The lesson here? I’m still note sure…but it has something to do with expectations, and managing them!

 

SB

 

www.sbwinesite.com

Goodbye Summer Wine…but Hello Fall!

September 2, 2015

Mixed emotions tonight, as the calendar has turned along with the weather…summer is gone, and with it the summer wine!

What did I enjoy most this summer from a wine perspective? Well, it was hot here in BC…very hot. So that mean a lot of Roses and white wines.

Interestingly, we didn’t find as many Roses that really jumped out at us. Quails Gate was its usually solid self…as was Joie (although a bit pricey). Chaberton’s Valley Pink might now be the best of the BC Roses, and we drank a bunch of that.

Still, nothing replaced the La Frenz (which Jeff and Niva don’t make anymore) or the style that Township 7 used to make. Ah, well…

Whites, however, were great this summer! Howling Bluff again lead the way, both with their Sauvignon Blanc/Semillon and their straight Sauvignon Blanc. Both super pure, no wood, luscious grapefruit. La Frenz’s new whites were also great – Sauvignon Blanc, Semillon and Riesling. And Chardonnay from Quinta Ferreira – a beautiful Cali style.

We even snuck in some Pinot Noirs when the temp went down a bit. Both new ones (like Kalala, Nk Mip and Averill Creek) and older versions from the cellar (Blue Mountain Reserve, Kettle Valley Reserve and Hayman).

Pinot Noir will stick around for the fall and winter, of course, but I now look forward to bigger red wines as the weather cools!

Back to the Rhone Valley for Chateauneuf du Pape, Gigondas, Vacqueyras and even good old Cotes du Rhone. Australia – for Shiraz, as well as Cabernet Sauvignon and blenew – and Italy, as I have some older Barolos, Barbarescos and Brunellos in my cellar that are ready to drink. How about some Rioja? I have a bunch of ‘85s ready to go. And Syrah? Well, back to BC…Nichol and Marichel wines are aging nicely in my cellar. And don’t forget Cabernet-based wines, mostly from California and Washington, although a few from BC and Australia as well.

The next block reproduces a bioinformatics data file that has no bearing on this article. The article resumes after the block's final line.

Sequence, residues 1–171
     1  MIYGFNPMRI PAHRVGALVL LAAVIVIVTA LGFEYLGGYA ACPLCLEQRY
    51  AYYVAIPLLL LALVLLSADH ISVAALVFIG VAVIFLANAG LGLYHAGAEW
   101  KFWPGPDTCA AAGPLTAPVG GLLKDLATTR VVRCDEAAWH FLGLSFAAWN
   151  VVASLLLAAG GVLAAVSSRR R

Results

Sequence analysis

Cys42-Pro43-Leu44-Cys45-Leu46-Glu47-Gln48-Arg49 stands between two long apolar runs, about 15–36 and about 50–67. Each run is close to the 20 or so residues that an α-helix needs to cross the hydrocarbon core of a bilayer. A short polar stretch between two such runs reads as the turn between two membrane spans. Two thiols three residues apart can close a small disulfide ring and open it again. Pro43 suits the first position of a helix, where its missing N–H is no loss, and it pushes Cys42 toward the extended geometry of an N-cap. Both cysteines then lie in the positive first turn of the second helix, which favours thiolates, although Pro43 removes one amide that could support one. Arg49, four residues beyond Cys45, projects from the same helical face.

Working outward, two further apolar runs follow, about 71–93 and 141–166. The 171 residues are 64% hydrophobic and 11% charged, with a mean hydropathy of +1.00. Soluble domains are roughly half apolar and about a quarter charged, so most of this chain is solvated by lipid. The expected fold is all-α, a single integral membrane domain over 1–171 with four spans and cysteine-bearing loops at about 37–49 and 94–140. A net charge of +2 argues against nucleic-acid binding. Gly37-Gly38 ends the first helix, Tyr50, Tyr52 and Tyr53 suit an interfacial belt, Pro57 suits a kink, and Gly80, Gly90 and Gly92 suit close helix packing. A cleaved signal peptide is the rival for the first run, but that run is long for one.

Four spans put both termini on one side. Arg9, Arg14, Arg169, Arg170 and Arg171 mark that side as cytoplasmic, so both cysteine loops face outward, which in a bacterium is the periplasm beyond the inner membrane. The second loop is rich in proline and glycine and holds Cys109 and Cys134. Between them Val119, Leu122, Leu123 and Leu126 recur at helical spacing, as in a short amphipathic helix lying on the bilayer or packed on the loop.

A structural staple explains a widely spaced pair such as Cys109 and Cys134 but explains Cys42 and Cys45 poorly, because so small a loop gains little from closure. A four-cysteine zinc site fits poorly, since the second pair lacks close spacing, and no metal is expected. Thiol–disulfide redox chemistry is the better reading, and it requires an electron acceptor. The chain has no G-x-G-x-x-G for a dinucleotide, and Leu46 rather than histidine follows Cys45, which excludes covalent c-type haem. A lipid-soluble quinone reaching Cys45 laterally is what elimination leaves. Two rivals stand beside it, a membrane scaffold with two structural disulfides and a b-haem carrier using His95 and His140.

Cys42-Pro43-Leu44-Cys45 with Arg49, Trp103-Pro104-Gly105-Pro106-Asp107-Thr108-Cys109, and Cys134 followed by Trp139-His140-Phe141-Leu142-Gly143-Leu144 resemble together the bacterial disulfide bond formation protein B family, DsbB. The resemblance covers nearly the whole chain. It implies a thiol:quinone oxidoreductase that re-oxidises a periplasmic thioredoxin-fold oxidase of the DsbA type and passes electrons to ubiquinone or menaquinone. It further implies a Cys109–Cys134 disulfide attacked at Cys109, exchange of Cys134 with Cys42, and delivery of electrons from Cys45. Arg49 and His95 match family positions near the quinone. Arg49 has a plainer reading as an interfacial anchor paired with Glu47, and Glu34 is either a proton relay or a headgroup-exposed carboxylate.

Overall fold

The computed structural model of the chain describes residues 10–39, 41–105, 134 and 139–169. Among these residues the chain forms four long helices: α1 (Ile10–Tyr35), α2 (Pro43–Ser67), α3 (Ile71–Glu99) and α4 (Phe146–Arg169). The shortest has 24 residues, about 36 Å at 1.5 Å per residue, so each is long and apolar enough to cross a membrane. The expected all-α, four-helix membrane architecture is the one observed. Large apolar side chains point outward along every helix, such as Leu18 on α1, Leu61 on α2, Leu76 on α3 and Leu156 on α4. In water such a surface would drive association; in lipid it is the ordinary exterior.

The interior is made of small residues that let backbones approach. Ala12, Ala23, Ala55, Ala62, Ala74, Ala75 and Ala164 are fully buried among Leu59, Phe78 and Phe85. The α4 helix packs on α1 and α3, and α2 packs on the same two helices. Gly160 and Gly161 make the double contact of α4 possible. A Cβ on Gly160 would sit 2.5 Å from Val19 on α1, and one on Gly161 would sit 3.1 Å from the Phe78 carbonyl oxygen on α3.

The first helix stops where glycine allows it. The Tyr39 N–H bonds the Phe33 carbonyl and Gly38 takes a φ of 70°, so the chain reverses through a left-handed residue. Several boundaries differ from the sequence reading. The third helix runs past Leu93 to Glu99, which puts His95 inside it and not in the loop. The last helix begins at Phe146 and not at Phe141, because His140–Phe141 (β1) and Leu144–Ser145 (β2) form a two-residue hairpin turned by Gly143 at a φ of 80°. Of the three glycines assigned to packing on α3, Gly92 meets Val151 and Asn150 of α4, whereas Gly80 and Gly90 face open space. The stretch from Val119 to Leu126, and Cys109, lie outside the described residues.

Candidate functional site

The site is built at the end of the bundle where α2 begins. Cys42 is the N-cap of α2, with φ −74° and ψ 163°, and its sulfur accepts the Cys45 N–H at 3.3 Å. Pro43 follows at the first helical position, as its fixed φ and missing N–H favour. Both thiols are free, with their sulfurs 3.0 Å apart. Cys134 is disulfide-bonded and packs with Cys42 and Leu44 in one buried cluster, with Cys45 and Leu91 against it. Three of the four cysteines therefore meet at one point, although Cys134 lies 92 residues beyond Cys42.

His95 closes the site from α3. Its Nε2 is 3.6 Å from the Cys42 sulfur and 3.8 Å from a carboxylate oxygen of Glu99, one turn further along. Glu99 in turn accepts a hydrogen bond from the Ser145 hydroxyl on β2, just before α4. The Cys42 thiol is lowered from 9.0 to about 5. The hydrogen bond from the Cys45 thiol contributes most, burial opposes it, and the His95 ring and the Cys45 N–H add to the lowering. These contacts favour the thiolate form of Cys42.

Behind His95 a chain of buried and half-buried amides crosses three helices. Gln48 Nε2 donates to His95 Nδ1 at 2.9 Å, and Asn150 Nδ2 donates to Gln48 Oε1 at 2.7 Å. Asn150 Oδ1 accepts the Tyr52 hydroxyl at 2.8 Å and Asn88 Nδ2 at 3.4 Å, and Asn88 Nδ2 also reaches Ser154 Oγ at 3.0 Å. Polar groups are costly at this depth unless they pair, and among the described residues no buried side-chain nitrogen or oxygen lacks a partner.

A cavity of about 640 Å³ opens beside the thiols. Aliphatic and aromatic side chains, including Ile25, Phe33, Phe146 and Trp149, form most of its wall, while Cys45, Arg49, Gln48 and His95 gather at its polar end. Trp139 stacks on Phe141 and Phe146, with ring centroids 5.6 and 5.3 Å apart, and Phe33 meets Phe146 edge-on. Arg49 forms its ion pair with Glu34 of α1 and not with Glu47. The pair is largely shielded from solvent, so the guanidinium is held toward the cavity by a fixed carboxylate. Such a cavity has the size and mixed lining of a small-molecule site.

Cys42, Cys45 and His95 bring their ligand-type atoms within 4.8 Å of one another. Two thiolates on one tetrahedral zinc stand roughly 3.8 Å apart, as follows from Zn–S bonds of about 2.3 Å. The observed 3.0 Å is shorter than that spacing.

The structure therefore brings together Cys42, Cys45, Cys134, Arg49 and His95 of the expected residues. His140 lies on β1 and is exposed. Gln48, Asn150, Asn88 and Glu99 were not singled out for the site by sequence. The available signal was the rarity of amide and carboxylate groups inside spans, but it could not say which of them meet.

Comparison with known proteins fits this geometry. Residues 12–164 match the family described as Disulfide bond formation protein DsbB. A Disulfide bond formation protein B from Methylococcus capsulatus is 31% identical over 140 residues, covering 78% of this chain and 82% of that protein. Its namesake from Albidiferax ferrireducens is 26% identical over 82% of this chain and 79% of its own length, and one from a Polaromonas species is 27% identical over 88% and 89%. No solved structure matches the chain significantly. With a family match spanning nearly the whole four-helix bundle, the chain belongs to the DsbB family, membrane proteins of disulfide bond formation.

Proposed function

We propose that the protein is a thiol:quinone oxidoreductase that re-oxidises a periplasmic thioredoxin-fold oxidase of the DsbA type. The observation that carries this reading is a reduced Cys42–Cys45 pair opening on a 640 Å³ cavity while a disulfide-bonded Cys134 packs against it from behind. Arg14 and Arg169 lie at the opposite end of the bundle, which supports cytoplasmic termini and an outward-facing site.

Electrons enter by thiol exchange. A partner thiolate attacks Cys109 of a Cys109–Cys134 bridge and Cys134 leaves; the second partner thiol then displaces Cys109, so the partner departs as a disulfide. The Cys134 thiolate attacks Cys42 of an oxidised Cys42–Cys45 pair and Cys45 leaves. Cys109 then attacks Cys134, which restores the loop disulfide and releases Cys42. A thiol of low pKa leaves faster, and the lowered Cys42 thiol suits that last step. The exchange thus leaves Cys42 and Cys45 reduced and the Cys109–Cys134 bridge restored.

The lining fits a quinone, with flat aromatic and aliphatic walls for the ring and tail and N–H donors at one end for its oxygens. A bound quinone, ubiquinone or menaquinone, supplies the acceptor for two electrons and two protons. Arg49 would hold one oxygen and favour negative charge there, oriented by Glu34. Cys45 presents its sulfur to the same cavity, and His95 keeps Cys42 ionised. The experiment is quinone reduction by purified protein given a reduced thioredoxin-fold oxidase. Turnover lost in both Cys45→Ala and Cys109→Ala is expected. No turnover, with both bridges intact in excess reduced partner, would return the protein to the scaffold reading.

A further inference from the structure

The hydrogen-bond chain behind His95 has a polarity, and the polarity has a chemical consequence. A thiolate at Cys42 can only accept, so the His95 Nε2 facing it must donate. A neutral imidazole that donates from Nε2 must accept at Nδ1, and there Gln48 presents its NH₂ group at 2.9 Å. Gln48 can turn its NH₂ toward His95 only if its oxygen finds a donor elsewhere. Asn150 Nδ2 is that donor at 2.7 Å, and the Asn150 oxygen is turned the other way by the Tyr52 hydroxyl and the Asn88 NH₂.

Finally, Port…the real vintage stuff from Portugal, as well as similar style wines from d’Arenberg in Australia and La Frenz here at home.

Hmm…I am getting thirsty already…bring on the rain, and break out the decanter!

SB

http://www.sbwinesite.com

Why Don’t I Like Spanish Reds as Much Anymore?

January 14, 2015

Okay, it happened again last night. I opened up a Spanish wine from my cellar – highly rated (95 points) – and the description by the reviewer was full of “fruit” references (which I love).

But then when I opened it…not much on the nose, more wood than fruit in the mouth. Reminded me of Bordeaux. Not my style!

And I know it isn’t a bad bottle…because these things have been happening for a couple of years now.

So what’s up?

Only a few years ago, Spanish wines were a key part of my cellar. Riojas took the lead, as they could age beautifully and the oak would never really overpower the fruit. Tempranillo based wines from other regions were there as well (Pesquera is still one of my favourite wines), as well as Mencia based wines (very Zinfandel like). Lots of fruit, not jammy, nice mix of herbs and earth.